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Review: 'The Colony's' gravest threat is a lack of distinction

Jeff Renfroe's sci-fi thriller doesn't quite stand out in a post-apocalyptic future.

By Inkoo Kang

5:05 PM EDT, September 19, 2013

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Compassion and survival are made to duel once more in the unambitious sci-fi thriller "The Colony." In a post-apocalyptic future, Everyman Sam (Kevin Zegers) stands by while Mason (Bill Paxton), the ruthlessly practical leader of their Arctic settlement, executes anyone with a cough or a sniffle. "Nothing personal," shrugs Mason, looking about as remorseful for the corpse at his feet as he would for the bacteria he killed while washing his hands.

When a distress signal comes in from a nearby settlement, Sam and two fellow idealists (Laurence Fishburne and Atticus Dean Mitchell) brave the tundra-like outdoors to investigate the cause and rescue survivors. The first act adequately builds to the mystery behind the mayhem at Colony 5. Yet the big reveal is not only deflatingly routine, but also flattens the running debate between kindness and self-preservation to cardboard concepts.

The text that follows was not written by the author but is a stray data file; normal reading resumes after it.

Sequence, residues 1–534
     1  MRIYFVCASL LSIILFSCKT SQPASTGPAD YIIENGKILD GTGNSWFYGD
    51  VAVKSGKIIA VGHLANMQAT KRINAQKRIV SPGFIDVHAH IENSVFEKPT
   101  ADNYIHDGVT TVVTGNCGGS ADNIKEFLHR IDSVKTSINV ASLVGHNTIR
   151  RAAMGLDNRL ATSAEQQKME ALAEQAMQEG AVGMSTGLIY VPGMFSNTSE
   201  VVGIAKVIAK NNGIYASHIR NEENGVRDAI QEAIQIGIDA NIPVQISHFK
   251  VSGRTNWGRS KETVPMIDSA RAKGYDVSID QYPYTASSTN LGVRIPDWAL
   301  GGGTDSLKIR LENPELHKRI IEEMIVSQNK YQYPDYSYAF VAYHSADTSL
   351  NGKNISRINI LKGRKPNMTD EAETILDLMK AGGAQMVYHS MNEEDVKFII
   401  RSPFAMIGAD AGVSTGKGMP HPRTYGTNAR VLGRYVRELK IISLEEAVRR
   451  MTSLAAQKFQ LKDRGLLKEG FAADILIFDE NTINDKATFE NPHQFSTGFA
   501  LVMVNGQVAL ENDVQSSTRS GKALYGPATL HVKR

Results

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Directed by Jeff Renfroe, "The Colony" was largely shot at a decommissioned NORAD base in Ontario. The building's long, eerie corridors and steel beams lend the picture architectural interest, but can't make up for the script's negligent world-building.

Ultimately, the film strands its archetypal characters in a featureless danger zone and gives them overly familiar dialogue borrowed from a dozen other B-movies. It might be a great starting point for a future Sims game, but is too lacking in specificity to exist on this Earth.

"The Colony." No MPAA rating. Running time: 1 hour, 34 minutes. At AMC Rolling Hills 20, Torrance.

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